Council points G7 leaders to single, universal steel CO2 standard

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Sources: Global Steel Climate Council, Washington, D.C.; CMCM staff

As environmental and public procurement policymakers in North America, Europe and Japan prepare for next month’s G7 Hiroshima 2023 Summit, the Global Steel Climate Council (GSCC) is drafting a standard for measuring and reporting carbon dioxide emissions in steel production. Council members aim to build on current accounting methodologies and reconcile gaps in multiple standards, published or under development. The standard GSCC envisions will:

• Provide a single, technology-agnostic protocol that applies to all steel producers equally; 

• Allow all steel customers to know and compare the carbon emissions associated with steel; and, 

• Create an industry standard for achieving by 2050 the emissions reduction goals in the Paris Climate Agreement.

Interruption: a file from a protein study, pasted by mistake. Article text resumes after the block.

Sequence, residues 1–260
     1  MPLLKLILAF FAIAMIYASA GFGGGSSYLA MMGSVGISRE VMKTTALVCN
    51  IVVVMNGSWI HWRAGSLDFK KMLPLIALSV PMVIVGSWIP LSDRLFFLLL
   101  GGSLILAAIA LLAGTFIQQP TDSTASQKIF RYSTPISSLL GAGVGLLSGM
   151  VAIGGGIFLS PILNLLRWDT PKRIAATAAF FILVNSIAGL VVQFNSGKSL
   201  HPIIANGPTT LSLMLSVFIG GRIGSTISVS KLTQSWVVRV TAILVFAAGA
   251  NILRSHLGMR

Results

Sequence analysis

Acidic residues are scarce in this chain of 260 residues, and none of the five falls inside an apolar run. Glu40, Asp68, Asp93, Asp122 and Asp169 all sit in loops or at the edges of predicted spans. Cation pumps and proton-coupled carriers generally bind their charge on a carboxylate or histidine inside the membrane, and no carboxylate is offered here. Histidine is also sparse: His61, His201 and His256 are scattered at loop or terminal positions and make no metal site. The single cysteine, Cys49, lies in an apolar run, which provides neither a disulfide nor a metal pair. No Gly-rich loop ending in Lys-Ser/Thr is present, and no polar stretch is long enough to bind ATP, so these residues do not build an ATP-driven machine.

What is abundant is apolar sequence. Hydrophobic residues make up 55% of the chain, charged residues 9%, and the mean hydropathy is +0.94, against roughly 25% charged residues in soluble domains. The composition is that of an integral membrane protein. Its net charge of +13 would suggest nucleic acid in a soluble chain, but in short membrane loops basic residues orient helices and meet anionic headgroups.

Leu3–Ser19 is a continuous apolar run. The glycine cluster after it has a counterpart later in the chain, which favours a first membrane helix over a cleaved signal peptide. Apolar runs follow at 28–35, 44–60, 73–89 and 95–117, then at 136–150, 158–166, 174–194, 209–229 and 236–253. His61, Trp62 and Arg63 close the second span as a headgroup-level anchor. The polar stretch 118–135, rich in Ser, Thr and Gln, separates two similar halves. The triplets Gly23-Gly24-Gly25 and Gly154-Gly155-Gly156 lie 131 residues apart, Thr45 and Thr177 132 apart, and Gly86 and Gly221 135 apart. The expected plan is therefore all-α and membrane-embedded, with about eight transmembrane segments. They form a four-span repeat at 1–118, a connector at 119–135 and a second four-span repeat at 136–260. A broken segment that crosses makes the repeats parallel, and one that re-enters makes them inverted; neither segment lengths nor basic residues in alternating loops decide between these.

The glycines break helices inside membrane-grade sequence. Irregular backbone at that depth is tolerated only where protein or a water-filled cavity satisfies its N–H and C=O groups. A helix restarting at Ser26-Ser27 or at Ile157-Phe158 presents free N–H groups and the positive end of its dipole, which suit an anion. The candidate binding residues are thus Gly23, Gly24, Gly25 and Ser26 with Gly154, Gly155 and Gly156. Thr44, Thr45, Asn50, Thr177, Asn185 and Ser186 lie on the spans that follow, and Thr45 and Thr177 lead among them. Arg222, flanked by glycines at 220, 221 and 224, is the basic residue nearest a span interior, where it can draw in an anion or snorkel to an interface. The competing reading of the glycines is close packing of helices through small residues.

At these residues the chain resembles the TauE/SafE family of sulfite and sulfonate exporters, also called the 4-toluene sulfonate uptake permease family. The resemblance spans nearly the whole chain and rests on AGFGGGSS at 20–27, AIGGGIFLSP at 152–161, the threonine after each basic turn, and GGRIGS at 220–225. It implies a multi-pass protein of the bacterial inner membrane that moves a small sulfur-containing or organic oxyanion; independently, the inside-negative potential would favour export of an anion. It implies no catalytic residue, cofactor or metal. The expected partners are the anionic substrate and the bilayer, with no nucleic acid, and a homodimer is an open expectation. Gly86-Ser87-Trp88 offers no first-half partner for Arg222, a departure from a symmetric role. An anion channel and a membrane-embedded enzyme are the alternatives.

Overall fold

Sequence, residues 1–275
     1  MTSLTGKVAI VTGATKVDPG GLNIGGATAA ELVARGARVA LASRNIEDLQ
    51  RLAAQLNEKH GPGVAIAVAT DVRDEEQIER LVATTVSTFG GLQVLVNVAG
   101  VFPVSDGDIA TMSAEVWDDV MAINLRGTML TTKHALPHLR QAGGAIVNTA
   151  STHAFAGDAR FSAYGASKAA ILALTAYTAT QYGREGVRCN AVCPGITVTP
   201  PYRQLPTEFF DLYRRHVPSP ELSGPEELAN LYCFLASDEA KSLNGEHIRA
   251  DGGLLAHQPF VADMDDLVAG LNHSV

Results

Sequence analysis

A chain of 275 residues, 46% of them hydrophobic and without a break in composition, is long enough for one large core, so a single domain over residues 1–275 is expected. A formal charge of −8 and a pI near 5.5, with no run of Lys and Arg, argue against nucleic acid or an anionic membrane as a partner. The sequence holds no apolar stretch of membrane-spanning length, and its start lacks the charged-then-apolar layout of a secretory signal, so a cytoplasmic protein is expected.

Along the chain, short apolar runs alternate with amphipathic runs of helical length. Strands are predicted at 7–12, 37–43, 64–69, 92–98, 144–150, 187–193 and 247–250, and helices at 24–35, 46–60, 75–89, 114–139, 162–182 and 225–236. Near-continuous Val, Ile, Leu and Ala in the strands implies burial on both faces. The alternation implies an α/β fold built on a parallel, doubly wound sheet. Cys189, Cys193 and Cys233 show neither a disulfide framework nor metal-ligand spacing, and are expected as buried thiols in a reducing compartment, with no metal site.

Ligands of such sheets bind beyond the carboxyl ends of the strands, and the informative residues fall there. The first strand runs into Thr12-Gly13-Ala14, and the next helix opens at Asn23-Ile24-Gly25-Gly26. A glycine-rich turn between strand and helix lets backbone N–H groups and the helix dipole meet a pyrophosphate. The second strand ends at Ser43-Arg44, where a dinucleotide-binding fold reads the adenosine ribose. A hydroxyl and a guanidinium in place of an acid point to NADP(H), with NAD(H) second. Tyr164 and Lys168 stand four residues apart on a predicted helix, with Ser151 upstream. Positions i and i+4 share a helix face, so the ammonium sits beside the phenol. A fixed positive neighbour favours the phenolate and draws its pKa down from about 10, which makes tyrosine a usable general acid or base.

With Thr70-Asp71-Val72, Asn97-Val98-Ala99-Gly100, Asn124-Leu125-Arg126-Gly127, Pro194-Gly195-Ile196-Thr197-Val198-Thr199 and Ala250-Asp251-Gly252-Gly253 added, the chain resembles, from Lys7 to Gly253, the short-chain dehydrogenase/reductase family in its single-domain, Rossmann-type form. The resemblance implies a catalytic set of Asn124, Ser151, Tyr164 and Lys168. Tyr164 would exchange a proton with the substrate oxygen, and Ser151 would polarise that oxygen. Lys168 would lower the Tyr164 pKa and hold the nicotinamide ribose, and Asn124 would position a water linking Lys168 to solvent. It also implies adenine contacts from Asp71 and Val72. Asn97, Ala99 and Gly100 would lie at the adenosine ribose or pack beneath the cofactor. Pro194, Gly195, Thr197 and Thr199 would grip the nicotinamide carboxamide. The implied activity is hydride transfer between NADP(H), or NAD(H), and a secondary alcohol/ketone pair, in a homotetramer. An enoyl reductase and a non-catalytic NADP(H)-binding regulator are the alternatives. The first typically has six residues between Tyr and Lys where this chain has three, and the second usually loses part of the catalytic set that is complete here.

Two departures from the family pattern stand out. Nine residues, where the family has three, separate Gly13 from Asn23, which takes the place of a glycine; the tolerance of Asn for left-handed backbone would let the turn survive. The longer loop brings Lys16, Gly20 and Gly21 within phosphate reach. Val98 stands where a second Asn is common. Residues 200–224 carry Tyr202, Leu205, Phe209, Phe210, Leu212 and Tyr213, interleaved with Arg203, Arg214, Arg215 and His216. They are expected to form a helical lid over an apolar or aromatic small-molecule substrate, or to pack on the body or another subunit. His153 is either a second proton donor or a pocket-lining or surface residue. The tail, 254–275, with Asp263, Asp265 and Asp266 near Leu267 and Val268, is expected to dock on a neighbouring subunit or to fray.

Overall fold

GSCC announced the forthcoming draft standard concurrent with the release of “Emissions Measurement and Data Collection for a Net Zero Steel Industry,” an International Energy Agency (IEA) report timed with preparations for the Japan-hosted G7 Summit, May 19-21. The Agency stresses that a clear, agreed-upon CO2 emissions measurement standard is critical for achieving global climate objectives, but is urging G7 leaders to avoid creating new steel industry measurement methodologies and rely on five existing standards under the International Organization for Standardization, World Steel Association and ResponsibleSteel. 

In a statement following the IEA report, GSCC notes that IEA acknowledges the ISO, worldsteel and ResponsibleSteel standards’ incompatibility and need for significant amendment. “Rather than providing simplicity and speed, this approach would complicate and further delay meaningful progress toward reducing carbon emissions associated with the global steel industry,” the Council contends. “While existing measurement standards should be taken into consideration, the most effective path forward will be a single, global standard that incorporates the strongest aspect of each into one clear, consistent, and coherent methodology. We urge the G7 member states and other organizations to support a global climate steel standard that meets these conditions and contributes to actual decarbonization across the steel industry.”

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